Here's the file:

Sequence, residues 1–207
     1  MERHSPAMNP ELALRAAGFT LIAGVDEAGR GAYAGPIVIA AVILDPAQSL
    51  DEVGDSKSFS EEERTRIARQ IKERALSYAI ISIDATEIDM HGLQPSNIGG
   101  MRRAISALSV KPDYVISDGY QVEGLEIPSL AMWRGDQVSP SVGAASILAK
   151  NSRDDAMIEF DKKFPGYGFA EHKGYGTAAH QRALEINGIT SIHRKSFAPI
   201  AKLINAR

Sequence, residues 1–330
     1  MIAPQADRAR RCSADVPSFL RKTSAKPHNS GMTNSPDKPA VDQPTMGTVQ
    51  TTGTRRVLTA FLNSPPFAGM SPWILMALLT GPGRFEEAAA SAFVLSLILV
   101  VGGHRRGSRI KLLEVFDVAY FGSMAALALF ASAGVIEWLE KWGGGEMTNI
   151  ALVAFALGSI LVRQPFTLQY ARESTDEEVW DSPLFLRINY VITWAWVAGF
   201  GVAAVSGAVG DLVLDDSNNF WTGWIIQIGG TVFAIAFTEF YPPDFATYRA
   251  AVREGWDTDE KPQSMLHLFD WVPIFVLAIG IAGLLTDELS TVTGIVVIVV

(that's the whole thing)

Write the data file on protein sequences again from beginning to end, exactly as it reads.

Sequence, residues 1–207
     1  MERHSPAMNP ELALRAAGFT LIAGVDEAGR GAYAGPIVIA AVILDPAQSL
    51  DEVGDSKSFS EEERTRIARQ IKERALSYAI ISIDATEIDM HGLQPSNIGG
   101  MRRAISALSV KPDYVISDGY QVEGLEIPSL AMWRGDQVSP SVGAASILAK
   151  NSRDDAMIEF DKKFPGYGFA EHKGYGTAAH QRALEINGIT SIHRKSFAPI
   201  AKLINAR

Sequence, residues 1–330
     1  MIAPQADRAR RCSADVPSFL RKTSAKPHNS GMTNSPDKPA VDQPTMGTVQ
    51  TTGTRRVLTA FLNSPPFAGM SPWILMALLT GPGRFEEAAA SAFVLSLILV
   101  VGGHRRGSRI KLLEVFDVAY FGSMAALALF ASAGVIEWLE KWGGGEMTNI
   151  ALVAFALGSI LVRQPFTLQY ARESTDEEVW DSPLFLRINY VITWAWVAGF
   201  GVAAVSGAVG DLVLDDSNNF WTGWIIQIGG TVFAIAFTEF YPPDFATYRA
   251  AVREGWDTDE KPQSMLHLFD WVPIFVLAIG IAGLLTDELS TVTGIVVIVV